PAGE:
Heritage is a funny thing. When you grow up with a certain flavor profile and ingredients in your foods, it becomes a part of you. (Or was it already a part of you, since the heritage was quite literally in your blood?)
So it seemed with these arancini. They’re a dish that originated in Sicily about one thousand years ago. Risotto, formed into balls, often stuffed with mozzarella or ragu or tomato sauce, breaded, and finally deep fried.
I don’t know that I ever ate arancini as a kid. If I did I have no memory of them. But my grandfather’s side of the family hails from Sicily (as I’m sure I’ve written before, they immigrated to the United States through Ellis Island), and both Sicilian and Italian-American fare were staples of my family’s diet.
Which is perhaps why, when I bit into my first arancini while we were testing this recipe, I already felt like I was home. The flavors, the ingredients, the experience were all familiar, even as the recipe itself was new.
But you don’t have to be Sicilian to appreciate these arancini.
For the risotto
1 large pinch saffron (optional)
1 cup dry white wine
3 tbsp olive oil
3 tbsp butter
1 medium yellow onion, finely diced
1 garlic clove, minced
3 cups GF chicken broth
2 tsp dried thyme
1 cup Arborio rice
1/2 cup shredded Parmesan cheese
For the arancini
30 quarter-inch cubes mozzarella cheese
1 cup Italian-seasoned GF bread crumbs
1 1/2 liters (48 fl. oz.) frying oil
1. Add the saffron to the white wine and set aside (in your liquid measuring cup is fine).
2. In a wide-bottom pot, heat the olive oil and butter until the butter is melted over medium-low heat.
3. Add the onions and garlic, and cook until softened, about 5 minutes.
4. Meanwhile, in a separate saucepan, bring the chicken broth to a simmer.
5. Add the thyme and rice to the onions and garlic, and saute for one minute.
6. Add the saffron wine to the rice and stir until the wine is absorbed.
7. Add about one cup of the chicken broth to the rice and stir continuously until the broth is absorbed.
8. Add another ladle-worth of broth and continue stirring frequently until absorbed. Repeat this process until all of the broth is used up and the rice is soft and creamy, 20 to 30 minutes. (Make sure all the liquid is absorbed—you want a relatively dry risotto so your arancini balls hold together.)
9. Remove the risotto from the heat, stir in the Parmesan, spread in a thin layer in pan (such as a baking pan), and cover and refrigerate until chilled. (You can leave it chilled overnight if you want to make the recipe in two stages.)
10. Using a one-tbsp cookie scoop (or similar), scoop slightly heaping balls of risotto.
11. Make an indentation in the ball with your finger, add a cube of mozzarella, close the hole, and roll to make a ball. Place on a cookie sheet and repeat the process to make the 30 balls.
12. Bring your frying oil up to 350 deg F.
13. While the oil is heating, roll each of the balls in the seasoned bread crumbs to evenly coat.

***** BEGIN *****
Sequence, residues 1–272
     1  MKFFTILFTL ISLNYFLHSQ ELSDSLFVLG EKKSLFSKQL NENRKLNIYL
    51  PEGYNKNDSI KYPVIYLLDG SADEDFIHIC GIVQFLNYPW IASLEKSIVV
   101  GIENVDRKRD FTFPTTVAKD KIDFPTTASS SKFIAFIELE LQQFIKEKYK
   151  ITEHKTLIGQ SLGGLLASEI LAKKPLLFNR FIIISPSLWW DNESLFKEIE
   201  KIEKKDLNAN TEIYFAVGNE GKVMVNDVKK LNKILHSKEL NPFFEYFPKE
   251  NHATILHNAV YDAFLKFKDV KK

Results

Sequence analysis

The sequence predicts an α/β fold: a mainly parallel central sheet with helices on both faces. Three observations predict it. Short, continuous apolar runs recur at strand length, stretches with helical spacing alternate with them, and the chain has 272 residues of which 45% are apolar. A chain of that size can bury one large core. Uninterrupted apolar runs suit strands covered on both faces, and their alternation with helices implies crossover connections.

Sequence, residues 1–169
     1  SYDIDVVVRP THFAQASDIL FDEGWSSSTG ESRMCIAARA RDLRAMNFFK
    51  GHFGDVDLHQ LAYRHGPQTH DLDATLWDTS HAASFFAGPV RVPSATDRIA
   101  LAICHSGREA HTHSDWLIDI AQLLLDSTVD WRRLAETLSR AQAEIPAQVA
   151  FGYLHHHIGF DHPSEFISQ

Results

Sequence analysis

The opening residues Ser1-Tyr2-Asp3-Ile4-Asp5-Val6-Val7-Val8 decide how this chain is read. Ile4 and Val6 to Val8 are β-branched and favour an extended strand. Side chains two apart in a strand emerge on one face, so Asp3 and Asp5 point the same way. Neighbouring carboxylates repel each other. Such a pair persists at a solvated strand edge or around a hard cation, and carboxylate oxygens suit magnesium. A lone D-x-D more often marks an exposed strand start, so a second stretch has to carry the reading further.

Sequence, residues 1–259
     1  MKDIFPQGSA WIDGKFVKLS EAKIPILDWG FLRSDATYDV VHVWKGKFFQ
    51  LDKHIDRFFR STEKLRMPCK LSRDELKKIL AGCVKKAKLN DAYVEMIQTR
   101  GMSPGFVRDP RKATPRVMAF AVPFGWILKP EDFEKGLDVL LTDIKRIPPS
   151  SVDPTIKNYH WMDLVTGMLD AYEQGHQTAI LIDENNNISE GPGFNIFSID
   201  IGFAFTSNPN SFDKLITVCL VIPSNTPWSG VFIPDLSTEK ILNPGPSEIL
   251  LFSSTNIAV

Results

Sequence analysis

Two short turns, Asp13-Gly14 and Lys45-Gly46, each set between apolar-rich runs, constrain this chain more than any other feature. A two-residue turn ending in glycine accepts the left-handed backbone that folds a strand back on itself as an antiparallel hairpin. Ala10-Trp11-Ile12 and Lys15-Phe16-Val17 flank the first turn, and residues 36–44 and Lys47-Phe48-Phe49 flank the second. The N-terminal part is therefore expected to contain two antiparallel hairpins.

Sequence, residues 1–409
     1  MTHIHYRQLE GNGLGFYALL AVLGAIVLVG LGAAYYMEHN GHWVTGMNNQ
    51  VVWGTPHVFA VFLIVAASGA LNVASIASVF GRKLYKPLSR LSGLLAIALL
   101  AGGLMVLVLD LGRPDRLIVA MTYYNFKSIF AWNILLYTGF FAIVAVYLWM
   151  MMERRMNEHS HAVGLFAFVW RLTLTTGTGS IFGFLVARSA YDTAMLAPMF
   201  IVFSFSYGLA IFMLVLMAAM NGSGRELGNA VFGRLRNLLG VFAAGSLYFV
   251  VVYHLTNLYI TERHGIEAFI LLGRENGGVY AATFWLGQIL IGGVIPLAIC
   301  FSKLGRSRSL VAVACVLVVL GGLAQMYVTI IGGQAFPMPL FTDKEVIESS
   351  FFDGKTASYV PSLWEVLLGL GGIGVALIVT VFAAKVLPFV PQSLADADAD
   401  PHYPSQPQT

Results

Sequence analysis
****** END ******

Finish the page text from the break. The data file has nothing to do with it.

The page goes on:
14. Fry the balls for 3 minutes, in small batches to prevent sticking, until golden brown.
15. Drain on a paper-towel-lined plate and repeat until you’re done.
Degrees of Free-dom
This recipe is: gluten/wheat-free, peanut-free, tree-nut-free, fish-free, shellfish-free, soy-free, egg-free*.
*The egg-free status of the recipe is dependent on the bread crumbs you use.
The recipe is easily made vegetarian by substituting vegetable broth for the chicken broth.
–Pete and Kelli
Thanks for sharing this recipe. I tried suppli when I was in Rome this year. They are similar enough I feel I can make this for my family and share a food memory! Grazie mile!
What do you use for your gf seasoned breadcrumbs??
Cleanlivinglady – We hope you and your family enjoy them! They are definitely worth the effort.
Anonymous – Here is a link to a post we did on Italian Seasoned Breadcrumbs a while back: http://noglutennoproblem.blogspot.com/2010/01/recipe-italian-seasoned-breadcrumbs.html
For the arancini we pulsed heals of GF loafs in the food processor, toasted in a single layer in the oven, added them back to the food processor with the desired seasoning and pulsed again to make them fine and powdery. This technique works with just about any GF bread.
Lynne McMillan says
I have not heard of arancini but it looks good, yummy and delicious. This is perfect for me because I like eating rice, mozarella and food with olive oil in ingredients. If I could not find arborio rice, is it okay to cook with the ordinary rice? If not, what is the good alternative for the arborio rice?
Lynne – Arborio rice is a starchy, short grain rice that results in a creamy risotto, and for this recipe really helps hold the rice balls together.
Some alternatives to arborio rice are carnaroli or vialone nano, which are both other Italian rice varieties. Alternatively, you could try to use sushi rice, which is also very starchy and short grain. As long as you use a short grain rice you should be fine with an alternate rice option or even a medium grain rice. A long grain rice would not work because it wouldn’t hold together.